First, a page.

Any conflict between the sides might threaten the Ethiopian state’s integrity. After Addis Ababa opposed its election, Tigray sees federal meddling with the budget allocation as another violation of the region’s right to administer itself under the federal constitution. Tigrayan sentiment in favour of secession, a constitutional right for Ethiopia’s regions that a number of new Tigrayan nationalist parties support or consider a viable last resort, is thus inching ever higher. In this instance, however, the federal government would deem an effort to break away illegal as it considers Tigray’s current executive unlawfully constituted. A move toward Tigray’s independence would also trigger resistance among Amhara nationalist factions fearful that it would mean the permanent loss of territories they claim Tigray annexed from Amhara in the early 1990s, as Crisis Group documented in June.
Tensions are building around the control of federal military units stationed in Tigray.
Making matters worse, tensions are building around the control of federal military units stationed in Tigray. On 24 October, Tigray’s government rejected a federal decision to reshuffle the leadership of the military’s Northern Command. According to former Tigrayan officers who spoke to Crisis Group, because the command was at the forefront of the struggle with neighbouring Eritrea since the 1998-2000 war, it still comprises more than half of the armed forces’ total personnel and mechanised divisions. The TPLF, keen to maintain the status quo and confident that many in the command’s leadership and rank and file are broadly sympathetic to Tigray, argued that an “illegal” federal administration had no authority to make such changes.
Several conflict scenarios are thus possible. Although Abiy himself has said he will not attack Tigray, the House of Federation has warned the region that federal military intervention is justifiable, offering Addis Ababa the legal basis to launch an offensive. Such an intervention could occur if, for example, Tigray refuses to participate in elections next year or moves ahead with secession, or if Amhara and Tigray forces clash in contested border regions. If violence escalates on any front within Ethiopia, the Eritrean government, which has a longstanding grudge with the TPLF but is allied with Addis Ababa, may also be tempted to wade in. Tigray itself is prepared for a struggle. Its well-armed regional paramilitary force is led by former national army generals. It also boasts a large militia full of war veterans. TPLF leaders say that many officers in the units of the Northern Command, which still patrols the Eritrea border, would not be likely to support any federal intervention, and some could even break and join Tigray’s forces.
III. An Increasingly Imperilled Transition
If the dispute between Mekelle and Addis Ababa is occupying the airwaves in Ethiopia, it is still just one symptom of a broader crisis. Deadly intercommunal violence is now a regular occurrence in the country, amid frequent protests against the government and a rebellion in parts of Oromia region. In early July, popular unrest in Oromia killed 167, with authorities now prosecuting more than 4,000 people, including top Oromo and other opposition leaders. In the country’s south, after Sidama Zone became a region this year, splitting from the Southern Nations region, more than ten ethnic administrative zones still in that federal state are pushing to obtain their own regional status in campaigns to hold referendums that have also involved lethal violence.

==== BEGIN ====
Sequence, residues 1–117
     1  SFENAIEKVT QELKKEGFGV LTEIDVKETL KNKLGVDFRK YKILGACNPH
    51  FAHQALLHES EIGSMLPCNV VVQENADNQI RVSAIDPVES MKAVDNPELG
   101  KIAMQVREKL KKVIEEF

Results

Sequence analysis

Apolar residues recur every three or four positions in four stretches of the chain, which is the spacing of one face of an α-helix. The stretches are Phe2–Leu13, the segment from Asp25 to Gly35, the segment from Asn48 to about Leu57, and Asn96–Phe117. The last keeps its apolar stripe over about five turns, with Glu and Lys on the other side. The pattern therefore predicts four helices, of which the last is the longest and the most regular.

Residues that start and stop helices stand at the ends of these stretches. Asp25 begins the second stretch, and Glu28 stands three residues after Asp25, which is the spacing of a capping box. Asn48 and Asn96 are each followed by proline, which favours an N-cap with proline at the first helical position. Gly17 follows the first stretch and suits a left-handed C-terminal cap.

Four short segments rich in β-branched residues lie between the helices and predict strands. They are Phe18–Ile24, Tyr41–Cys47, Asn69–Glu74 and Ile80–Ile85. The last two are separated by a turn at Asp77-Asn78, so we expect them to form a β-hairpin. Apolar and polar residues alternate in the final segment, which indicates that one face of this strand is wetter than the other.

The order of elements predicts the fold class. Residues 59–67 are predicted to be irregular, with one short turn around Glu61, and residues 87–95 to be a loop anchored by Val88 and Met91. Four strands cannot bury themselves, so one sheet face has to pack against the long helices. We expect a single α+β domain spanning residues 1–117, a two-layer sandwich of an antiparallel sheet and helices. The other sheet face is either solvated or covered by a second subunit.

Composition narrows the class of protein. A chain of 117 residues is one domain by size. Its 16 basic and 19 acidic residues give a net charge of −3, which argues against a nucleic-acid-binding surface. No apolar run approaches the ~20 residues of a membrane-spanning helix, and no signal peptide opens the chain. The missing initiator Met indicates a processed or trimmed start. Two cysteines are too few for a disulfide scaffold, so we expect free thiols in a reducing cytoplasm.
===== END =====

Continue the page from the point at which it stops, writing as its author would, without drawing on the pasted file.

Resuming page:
Deadly intercommunal violence is now a regular occurrence in Ethiopia.
At their core, all these conflicts are about tensions related to federal politics. On paper, the federal system offers regions considerable autonomy, including their own constitutions, legislatures, security forces and the right to secede, although the former ruling coalition’s iron-fisted control ensured cohesion. The constitution also allows Ethiopia’s ethnic groups to hold referendums on whether they want greater self-rule. Some who back Prime Minister Abiy seek to dilute some of these provisions, seeing them as cementing ethnic identity and thus creating division or otherwise representing a threat to his vision of a more unified country. Others, including both Abiy allies and opponents, view these aspects of the federation as non-negotiable. The TPLF, being a principal architect of the system, is particularly adamant in rejecting any watering down of regional autonomy. Instead, it wants to see federal executive powers constrained and minority representation guaranteed in the federal government.
Mutual suspicion between the sides makes it harder to pursue a compromise. As outlined, Addis Ababa views the TPLF as troublemaker in chief. A top federal ruling-party figure told Crisis Group that the TPLF orchestrated recent attacks on ethnic Amhara civilians in Metekel Zone in westerly Benishangul-Gumuz region that left dozens dead. The TPLF denies this and earlier allegations of involvement in the assassination that triggered July’s violence in Oromia. Ruling party claims of TPLF efforts to sabotage the transition have angered the region’s party leaders, feeding a sense of betrayal and victimisation among Tigrayans that in turn has whipped up secessionist sentiment. The TPLF is outraged that Abiy has labelled the TPLF-led federal era “27 years of darkness” and targeted Tigrayan officials for graft and human rights abuses while, in their eyes, cosying up excessively to long-time foe, Eritrea’s President Isaias Afwerki.